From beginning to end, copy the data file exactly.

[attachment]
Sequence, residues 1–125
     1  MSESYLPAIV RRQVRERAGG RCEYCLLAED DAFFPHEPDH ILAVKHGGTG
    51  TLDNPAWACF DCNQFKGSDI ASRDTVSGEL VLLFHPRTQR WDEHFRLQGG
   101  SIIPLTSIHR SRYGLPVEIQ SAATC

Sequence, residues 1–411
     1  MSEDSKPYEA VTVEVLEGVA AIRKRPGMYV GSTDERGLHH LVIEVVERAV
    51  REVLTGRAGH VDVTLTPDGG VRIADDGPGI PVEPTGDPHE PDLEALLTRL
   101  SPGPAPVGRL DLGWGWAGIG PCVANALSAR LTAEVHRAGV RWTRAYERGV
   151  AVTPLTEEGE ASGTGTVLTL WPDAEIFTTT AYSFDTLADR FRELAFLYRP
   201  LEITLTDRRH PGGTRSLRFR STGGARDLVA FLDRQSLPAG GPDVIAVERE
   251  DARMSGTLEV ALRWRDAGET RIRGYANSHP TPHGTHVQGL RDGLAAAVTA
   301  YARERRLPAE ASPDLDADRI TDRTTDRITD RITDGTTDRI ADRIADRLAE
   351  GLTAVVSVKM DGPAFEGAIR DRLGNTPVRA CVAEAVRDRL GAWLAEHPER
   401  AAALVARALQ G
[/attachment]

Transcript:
Sequence, residues 1–125
     1  MSESYLPAIV RRQVRERAGG RCEYCLLAED DAFFPHEPDH ILAVKHGGTG
    51  TLDNPAWACF DCNQFKGSDI ASRDTVSGEL VLLFHPRTQR WDEHFRLQGG
   101  SIIPLTSIHR SRYGLPVEIQ SAATC

Sequence, residues 1–411
     1  MSEDSKPYEA VTVEVLEGVA AIRKRPGMYV GSTDERGLHH LVIEVVERAV
    51  REVLTGRAGH VDVTLTPDGG VRIADDGPGI PVEPTGDPHE PDLEALLTRL
   101  SPGPAPVGRL DLGWGWAGIG PCVANALSAR LTAEVHRAGV RWTRAYERGV
   151  AVTPLTEEGE ASGTGTVLTL WPDAEIFTTT AYSFDTLADR FRELAFLYRP
   201  LEITLTDRRH PGGTRSLRFR STGGARDLVA FLDRQSLPAG GPDVIAVERE
   251  DARMSGTLEV ALRWRDAGET RIRGYANSHP TPHGTHVQGL RDGLAAAVTA
   301  YARERRLPAE ASPDLDADRI TDRTTDRITD RITDGTTDRI ADRIADRLAE
   351  GLTAVVSVKM DGPAFEGAIR DRLGNTPVRA CVAEAVRDRL GAWLAEHPER
   401  AAALVARALQ G